Who doesn’t love strawberries? And you don’t need any reason other than the pleasure of their sweetness to eat them every day. But according to researchers from Oklahoma State University, there’s lots more to strawberries than the flavor.[i]
Their study was published in the journal Critical Reviews in Food Science and Nutrition with funding from the NIH and the California Strawberry Commission. In it the researchers review over 130 studies attesting to the strawberry’s status as a “functional food.”
There is no regulated meaning for the term “functional food.” But it usually refers to a food that provides some benefit in addition to calories that may reduce disease risk or promote general health. That can be said of every fresh, organic whole food. But functional food is also a term that has become a marketing tool for food manufacturers who “enrich” their processed foods with vitamins, minerals, herbs and other supplements.
But strawberries don’t need any enriching. They consistently rank among the top fruits and vegetables for health benefits. They are full of powerful natural compounds that include:
- Antioxidants – Strawberries were found to have higher oxygen radical absorbance capacity (ORAC) activity than black raspberries, blackberries or red raspberries.[ii] One study even found strawberries have the highest antioxidant capacity of ALL fruits and vegetables commonly available in the UK as measured by the trolox equivalent antioxidant capacity (TEAC) assay.[iii]
- Polyphenols – Strawberries have been listed among the 100 richest sources of dietary polyphenols.[iv] They contain flavonoids like catechin, epicatechin, quercetin, kaempferol, cyanidins, naringenin, hesperadin, pelargonidin, ellagic acid and ellagitannins. Flavonoids are free radical scavengers, and have anti-inflammatory effects. They also dilate blood vessels and slow tumor growth.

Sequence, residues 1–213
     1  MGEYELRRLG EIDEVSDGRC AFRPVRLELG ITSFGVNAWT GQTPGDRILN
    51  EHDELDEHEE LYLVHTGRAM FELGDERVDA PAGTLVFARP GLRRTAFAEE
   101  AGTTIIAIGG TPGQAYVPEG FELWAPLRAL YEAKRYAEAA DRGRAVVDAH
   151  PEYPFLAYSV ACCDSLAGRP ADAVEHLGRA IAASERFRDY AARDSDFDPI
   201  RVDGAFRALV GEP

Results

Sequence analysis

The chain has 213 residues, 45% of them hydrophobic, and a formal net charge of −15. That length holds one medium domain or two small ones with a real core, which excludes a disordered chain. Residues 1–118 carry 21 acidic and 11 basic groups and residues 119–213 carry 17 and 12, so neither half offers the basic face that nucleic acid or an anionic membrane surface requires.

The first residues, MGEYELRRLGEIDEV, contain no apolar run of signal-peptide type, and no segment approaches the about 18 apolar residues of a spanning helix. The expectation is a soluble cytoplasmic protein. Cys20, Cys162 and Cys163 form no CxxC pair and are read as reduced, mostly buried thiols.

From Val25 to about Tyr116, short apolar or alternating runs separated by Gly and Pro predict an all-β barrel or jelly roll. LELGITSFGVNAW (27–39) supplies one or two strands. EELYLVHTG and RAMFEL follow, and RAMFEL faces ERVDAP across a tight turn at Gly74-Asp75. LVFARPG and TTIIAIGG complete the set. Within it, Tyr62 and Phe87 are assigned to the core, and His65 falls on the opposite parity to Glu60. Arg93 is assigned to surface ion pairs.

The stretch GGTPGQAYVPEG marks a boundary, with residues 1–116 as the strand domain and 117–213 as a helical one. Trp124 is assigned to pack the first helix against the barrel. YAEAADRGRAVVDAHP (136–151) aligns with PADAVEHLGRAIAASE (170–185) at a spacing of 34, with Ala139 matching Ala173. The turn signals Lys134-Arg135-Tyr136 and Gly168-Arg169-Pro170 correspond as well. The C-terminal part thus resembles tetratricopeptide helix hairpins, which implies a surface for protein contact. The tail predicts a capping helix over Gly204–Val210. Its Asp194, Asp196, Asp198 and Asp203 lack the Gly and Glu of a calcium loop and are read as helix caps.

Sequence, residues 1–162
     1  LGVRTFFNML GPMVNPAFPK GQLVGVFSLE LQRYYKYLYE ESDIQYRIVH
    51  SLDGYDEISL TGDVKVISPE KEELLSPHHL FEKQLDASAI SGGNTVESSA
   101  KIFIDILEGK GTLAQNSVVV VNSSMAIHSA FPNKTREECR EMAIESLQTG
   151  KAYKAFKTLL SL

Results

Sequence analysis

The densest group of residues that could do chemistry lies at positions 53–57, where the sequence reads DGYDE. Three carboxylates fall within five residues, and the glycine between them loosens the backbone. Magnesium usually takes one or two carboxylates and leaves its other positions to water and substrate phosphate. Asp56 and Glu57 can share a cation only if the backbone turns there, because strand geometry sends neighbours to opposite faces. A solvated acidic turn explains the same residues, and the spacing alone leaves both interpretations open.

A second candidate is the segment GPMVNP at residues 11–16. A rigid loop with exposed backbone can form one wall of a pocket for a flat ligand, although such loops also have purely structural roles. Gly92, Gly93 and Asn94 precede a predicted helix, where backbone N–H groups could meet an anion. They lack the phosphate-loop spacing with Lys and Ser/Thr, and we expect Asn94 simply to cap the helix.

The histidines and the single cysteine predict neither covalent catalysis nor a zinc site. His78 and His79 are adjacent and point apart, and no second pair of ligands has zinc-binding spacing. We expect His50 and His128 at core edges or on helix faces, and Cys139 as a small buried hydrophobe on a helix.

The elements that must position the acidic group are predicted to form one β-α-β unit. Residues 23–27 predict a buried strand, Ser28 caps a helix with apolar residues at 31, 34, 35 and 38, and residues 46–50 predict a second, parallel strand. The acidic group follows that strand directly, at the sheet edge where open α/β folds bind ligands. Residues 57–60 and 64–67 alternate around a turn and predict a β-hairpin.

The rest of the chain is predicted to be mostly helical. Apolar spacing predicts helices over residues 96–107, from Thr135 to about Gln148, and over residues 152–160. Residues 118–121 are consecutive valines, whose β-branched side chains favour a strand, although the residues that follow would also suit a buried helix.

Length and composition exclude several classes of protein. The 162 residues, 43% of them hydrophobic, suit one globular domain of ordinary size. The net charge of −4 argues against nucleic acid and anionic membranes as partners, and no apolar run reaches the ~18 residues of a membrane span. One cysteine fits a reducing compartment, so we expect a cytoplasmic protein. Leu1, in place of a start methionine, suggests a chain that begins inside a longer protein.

- Vitamins and Minerals – Strawberries are high in vitamin C (ascorbic acid), B vitamins,vitamin E, folate, carotenoids and potassium.
- Anthocyanins – These are water-soluble compounds responsible for the deep colors of berries and are among the principal bioactives in strawberries.
- Phytosterols – These plant-derived sterols have structures and functions similar to cholesterol.
All of those natural components translate to a broad range of health benefits. Animal and cell culture studies show strawberries may be effective in reducing risk factors for cardiovascular disease including obesity, hyperglycemia, hyperlipidemia, hypertension, and oxidative stress.
Here are eight scientifically proven reasons to eat more strawberries:
1. Strawberries Lower Heart Attack Risk
In an analysis of data from over 93,000 subjects in the famous Nurses’ Health Study I and the Nurses’ Health Study II, researchers looked at the effects of eating strawberries and blueberries on cardiovascular health. They found that over a 14-year period, women eating just three servings weekly of blueberries or strawberries reduced their risk of heart attack by 33% compared to those eating berries once monthly or less.[v]
In addition, in an analysis of data from over 34,489 postmenopausal women in the Iowa Women’s Health Study, eating strawberries was associated with a significant reduction in deaths from cardiovascular disease over a 16-year follow-up period.[vi]
2. Strawberries Reduce Hypertension
Researchers again used the data from the two Nurses Studies as well as data from the Health Professionals Follow-Up Study to measure cardiovascular health benefits of strawberry and blueberry anthocyanins. They found that higher intakes of strawberry and blueberry anthocyanins (16–22 mg/day) were associated with a significant 8% reduction in the risk of hypertension. That was compared to those consuming only 5–7 mg/day of berry anthocyanins.[vii]